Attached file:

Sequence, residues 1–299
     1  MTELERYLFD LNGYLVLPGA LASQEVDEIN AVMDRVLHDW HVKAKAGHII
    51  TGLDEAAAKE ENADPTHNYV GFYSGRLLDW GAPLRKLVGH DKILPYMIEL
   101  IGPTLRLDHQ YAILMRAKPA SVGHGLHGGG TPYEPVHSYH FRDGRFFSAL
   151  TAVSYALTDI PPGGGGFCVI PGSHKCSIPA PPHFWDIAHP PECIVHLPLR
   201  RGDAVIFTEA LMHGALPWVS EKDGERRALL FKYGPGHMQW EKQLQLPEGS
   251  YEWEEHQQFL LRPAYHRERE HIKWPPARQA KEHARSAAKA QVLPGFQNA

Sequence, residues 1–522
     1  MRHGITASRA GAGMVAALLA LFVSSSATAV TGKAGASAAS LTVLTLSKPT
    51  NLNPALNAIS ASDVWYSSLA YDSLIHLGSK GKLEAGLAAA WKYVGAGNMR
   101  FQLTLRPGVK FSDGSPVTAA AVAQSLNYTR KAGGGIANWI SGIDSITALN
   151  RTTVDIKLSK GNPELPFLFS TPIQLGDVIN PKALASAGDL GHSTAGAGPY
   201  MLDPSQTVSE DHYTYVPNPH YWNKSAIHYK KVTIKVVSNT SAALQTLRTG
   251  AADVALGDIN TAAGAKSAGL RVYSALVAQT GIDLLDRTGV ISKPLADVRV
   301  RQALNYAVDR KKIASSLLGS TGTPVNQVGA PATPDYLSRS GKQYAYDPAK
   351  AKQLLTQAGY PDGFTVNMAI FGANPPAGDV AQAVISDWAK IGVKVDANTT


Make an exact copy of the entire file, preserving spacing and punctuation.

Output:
Sequence, residues 1–299
     1  MTELERYLFD LNGYLVLPGA LASQEVDEIN AVMDRVLHDW HVKAKAGHII
    51  TGLDEAAAKE ENADPTHNYV GFYSGRLLDW GAPLRKLVGH DKILPYMIEL
   101  IGPTLRLDHQ YAILMRAKPA SVGHGLHGGG TPYEPVHSYH FRDGRFFSAL
   151  TAVSYALTDI PPGGGGFCVI PGSHKCSIPA PPHFWDIAHP PECIVHLPLR
   201  RGDAVIFTEA LMHGALPWVS EKDGERRALL FKYGPGHMQW EKQLQLPEGS
   251  YEWEEHQQFL LRPAYHRERE HIKWPPARQA KEHARSAAKA QVLPGFQNA

Sequence, residues 1–522
     1  MRHGITASRA GAGMVAALLA LFVSSSATAV TGKAGASAAS LTVLTLSKPT
    51  NLNPALNAIS ASDVWYSSLA YDSLIHLGSK GKLEAGLAAA WKYVGAGNMR
   101  FQLTLRPGVK FSDGSPVTAA AVAQSLNYTR KAGGGIANWI SGIDSITALN
   151  RTTVDIKLSK GNPELPFLFS TPIQLGDVIN PKALASAGDL GHSTAGAGPY
   201  MLDPSQTVSE DHYTYVPNPH YWNKSAIHYK KVTIKVVSNT SAALQTLRTG
   251  AADVALGDIN TAAGAKSAGL RVYSALVAQT GIDLLDRTGV ISKPLADVRV
   301  RQALNYAVDR KKIASSLLGS TGTPVNQVGA PATPDYLSRS GKQYAYDPAK
   351  AKQLLTQAGY PDGFTVNMAI FGANPPAGDV AQAVISDWAK IGVKVDANTT